Mahathir should explain why he is now more optimistic about Malaysia’s economic growth than before he went on his leave in early March despite the intervening triple whammy of the Iraq War, SARS epidemic and the resurfacing of the threat of a new wave of international terrorism
by Lim Kit Siang
(Petaling Jaya, Tuesday): The Prime Minister, Datuk Seri Dr. Mahathir Mohamad should explain why he is now more optimistic about Malaysia’s economic growth than before he went on his leave in early March despite the intervening triple whammy of the Iraq War, SARS epidemic and the resurfacing of the threat of a new wave of international terrorism.
Just before he went on his official two-month leave, Mahathir said at the opening of the Langkawi Lagoon Resort on March 1 that the government had set a minimum target of a four per cent economic growth this year but a war in Iraq could derail this target.
In the intervening 12 weeks, the Iraq war had not only erupted and ended, there was also the global SARS epidemic which is generally regarded as economically worse than the Iraq war and now the resurfacing of the threat of a new wave of international terrorism which could be even more damaging than the SARS epidemic, which appears to be tapering off except for China and Taiwan – yet Mahathir said yesterday that he expected the Malaysian economy this year to grow at a rate better than the 4.2 per cent of gross domestic product recorded in 2002.
When presenting the repeatedly delayed economic stimulus package which is expected tomorrow, Mahathir should explain the reasons for this new found optimism for economic growth for Malaysia this year, despite the intervening triple whammy and the generally gloomy forecasts which have led to serious downward revisions of growth figures this year by economists, analysts and research houses and institutes.
Last month, the Malaysian Institute of Economic Research (MIER) slashed its growth projection to 3.7 per cent from the 5.7 per cent forecast provided there is a credible economic stimulus package – and this was before the resurfacing of the threat of a new wave of international terrorism with the Pakistani, Saudi and Morocco attacks. Last weekend, Rating Agency Malaysia Bhd (RAM) revised downwards its forecast for economic growth this year to 3.8 per cent from 5 per cent in January because of the shadow of Iraq War and SARS although it maintained its 6 per cent GDP growth forecast for 2004 in anticipation of an estimated RM2 billion to RM5 billion economic stimulus package.
In the economic stimulus package, Mahathir should compute the economic fall-out from the threat of a new wave of international terrorism, especially with Malaysia named in the terrorist alert travel advisories of the United States, United Kingdom, Germany, Australia and New Zealand and the international image the nation had acquired as a “terrorist centre”.
The Government must work out a serious but rational and effective response to the growing international image linking Malaysia with terrorist activities, not only because of the travel advisories of the Western countries, but becoming part of the public psychology and conventional wisdom in the rest of the world as illustrated by two articles in the UK press yesterday.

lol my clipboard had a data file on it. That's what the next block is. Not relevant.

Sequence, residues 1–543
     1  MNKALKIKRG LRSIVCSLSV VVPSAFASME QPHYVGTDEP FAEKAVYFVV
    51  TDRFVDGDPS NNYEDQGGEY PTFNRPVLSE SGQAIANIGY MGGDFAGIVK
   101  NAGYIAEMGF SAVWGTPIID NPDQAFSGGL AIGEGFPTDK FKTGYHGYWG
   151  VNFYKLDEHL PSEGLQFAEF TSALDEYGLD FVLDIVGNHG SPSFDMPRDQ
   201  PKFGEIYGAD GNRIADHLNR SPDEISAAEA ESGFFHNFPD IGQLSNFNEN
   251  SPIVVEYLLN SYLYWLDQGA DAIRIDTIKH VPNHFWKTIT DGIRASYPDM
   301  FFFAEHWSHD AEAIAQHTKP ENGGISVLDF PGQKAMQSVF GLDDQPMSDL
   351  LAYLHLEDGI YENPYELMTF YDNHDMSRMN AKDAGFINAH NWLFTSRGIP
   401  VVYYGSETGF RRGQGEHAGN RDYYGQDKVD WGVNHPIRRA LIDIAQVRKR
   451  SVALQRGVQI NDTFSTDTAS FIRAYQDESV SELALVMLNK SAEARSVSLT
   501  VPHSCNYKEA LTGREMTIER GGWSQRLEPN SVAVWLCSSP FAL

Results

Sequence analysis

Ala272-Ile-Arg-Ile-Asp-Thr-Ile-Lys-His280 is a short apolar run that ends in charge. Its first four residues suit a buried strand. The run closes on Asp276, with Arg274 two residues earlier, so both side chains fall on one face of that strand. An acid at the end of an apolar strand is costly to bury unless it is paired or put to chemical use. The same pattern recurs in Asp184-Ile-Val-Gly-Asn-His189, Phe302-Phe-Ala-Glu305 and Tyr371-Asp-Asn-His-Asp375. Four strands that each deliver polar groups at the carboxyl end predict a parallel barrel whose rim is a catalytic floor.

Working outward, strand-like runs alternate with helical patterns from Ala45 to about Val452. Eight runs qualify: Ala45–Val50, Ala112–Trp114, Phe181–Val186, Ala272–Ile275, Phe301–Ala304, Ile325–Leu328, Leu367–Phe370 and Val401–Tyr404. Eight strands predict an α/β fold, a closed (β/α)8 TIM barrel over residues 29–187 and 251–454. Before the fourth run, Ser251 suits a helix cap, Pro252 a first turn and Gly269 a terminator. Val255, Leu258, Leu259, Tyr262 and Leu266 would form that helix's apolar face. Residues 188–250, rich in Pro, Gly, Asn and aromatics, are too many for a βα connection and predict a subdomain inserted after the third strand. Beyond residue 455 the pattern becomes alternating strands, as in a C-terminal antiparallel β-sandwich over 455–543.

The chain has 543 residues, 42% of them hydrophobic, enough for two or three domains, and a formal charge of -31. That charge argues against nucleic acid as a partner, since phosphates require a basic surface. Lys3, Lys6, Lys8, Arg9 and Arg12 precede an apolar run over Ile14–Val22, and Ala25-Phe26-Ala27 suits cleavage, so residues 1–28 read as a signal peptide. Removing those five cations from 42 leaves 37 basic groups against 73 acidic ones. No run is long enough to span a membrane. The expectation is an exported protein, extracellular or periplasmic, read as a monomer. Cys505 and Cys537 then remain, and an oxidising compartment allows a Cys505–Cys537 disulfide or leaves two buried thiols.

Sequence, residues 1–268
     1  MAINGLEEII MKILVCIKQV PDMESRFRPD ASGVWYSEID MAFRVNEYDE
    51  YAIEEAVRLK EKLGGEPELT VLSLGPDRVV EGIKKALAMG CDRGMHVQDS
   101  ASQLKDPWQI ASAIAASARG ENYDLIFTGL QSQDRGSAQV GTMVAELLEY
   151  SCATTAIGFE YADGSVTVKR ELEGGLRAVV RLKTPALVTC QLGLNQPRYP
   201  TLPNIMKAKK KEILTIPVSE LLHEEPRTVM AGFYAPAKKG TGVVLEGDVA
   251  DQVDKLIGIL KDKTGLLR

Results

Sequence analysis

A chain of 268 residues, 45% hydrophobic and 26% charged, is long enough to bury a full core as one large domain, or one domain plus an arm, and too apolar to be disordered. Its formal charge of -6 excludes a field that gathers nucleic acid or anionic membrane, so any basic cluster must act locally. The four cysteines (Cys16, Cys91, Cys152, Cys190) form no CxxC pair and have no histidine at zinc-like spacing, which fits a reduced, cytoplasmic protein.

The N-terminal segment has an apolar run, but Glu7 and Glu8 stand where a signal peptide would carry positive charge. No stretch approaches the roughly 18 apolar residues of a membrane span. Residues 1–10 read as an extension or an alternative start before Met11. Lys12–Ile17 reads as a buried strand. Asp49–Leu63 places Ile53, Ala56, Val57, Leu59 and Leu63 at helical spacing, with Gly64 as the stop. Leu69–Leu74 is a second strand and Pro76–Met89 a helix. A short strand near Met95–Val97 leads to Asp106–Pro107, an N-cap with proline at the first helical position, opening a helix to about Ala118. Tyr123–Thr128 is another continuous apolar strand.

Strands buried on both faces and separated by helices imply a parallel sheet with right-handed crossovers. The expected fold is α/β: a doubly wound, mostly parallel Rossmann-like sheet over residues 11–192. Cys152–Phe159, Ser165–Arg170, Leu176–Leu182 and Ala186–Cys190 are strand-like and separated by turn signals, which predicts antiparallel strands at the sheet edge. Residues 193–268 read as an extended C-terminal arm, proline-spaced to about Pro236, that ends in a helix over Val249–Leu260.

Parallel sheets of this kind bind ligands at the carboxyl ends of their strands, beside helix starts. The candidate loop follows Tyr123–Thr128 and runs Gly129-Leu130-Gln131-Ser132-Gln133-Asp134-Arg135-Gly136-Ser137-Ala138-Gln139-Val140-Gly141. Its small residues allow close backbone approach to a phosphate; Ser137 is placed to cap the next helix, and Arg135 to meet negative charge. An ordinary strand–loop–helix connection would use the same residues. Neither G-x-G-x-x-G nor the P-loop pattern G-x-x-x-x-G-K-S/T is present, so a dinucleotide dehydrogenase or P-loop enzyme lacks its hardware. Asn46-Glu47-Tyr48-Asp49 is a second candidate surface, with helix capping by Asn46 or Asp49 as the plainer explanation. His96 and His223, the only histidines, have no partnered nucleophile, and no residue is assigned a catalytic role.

A report in yesterday’s daily Guardian, entitled “Hope in the carnage of Casablanca – Al-Qaida’s soft-target strategy could eventually be its downfall” by Peter Preston contained the following paragraph:
“Will this agglomeration of terror come to central London or, again, to Manhattan? Perhaps. But it's rather likelier to visit downtown Cairo or Kuala Lumpur first. That, strategically, is the PR boon left over from September 11: you don't need to take big risks to garner big headlines any longer. More ordinary mayhem as usual will serve just as well. One unspecified threat to Kenya blanks out east Africa for the duration.”
Another article in the same newspaper yesterday, entitled “Al-Qaida is back and stronger than ever – Security agencies say latest attacks show new level of planning and recruitment” by Richard Norteon-Taylor contained the following reference to Malaysia:
“Whatever the significance of these developments, European security and intelligence sources say it would be a mistake to regard al-Qaida as a centralised, disciplined organisation along the lines of groups such as the IRA. The sources describe, rather, a network of ‘local Islamist groups affiliated to the aims of al-Qaida’.
“Thus the Bali bombing was carried out by Jemaah Islamiya. In Morocco, extremist groups with links to al-Qaida include Salafia Jihadia and Attakfir wal Hijra. There are hosts of other groups with links to what is seen as a burgeoning al-Qaida movement, ranging from Morocco to Malaysia and the Philippines.”
These article are not anti-Malaysia and are not even about Malaysia. They are about the consequences of Al-Qaeda, “relentlessly low-tech”, with “no command and control system to disrupt”, switching to soft targets against civilians in restaurants and residential areas and the snapping “one lifeline of progress – tourism”.
It is precisely because such references linking Malaysia to international terrorism are written in so incidental and matter-of-fact fashion and have become so ubiquitous in the West that they are so insidious and damaging, which cannot be undone or countered by a special briefing by the Foreign Minister to foreign envoys in Kuala Lumpur.
Malaysia is in great danger of losing the war against terrorism – as far as the psychological battle in the world on the international image of the country as a “terrorist centre” with far-reaching economic repercussions to the country.
Will the economic stimulus package be able to give some light as to how to win back this war against terrorism vis-à-vis Malaysia as a centre of international terrorism?
* Lim Kit Siang, DAP National Chairman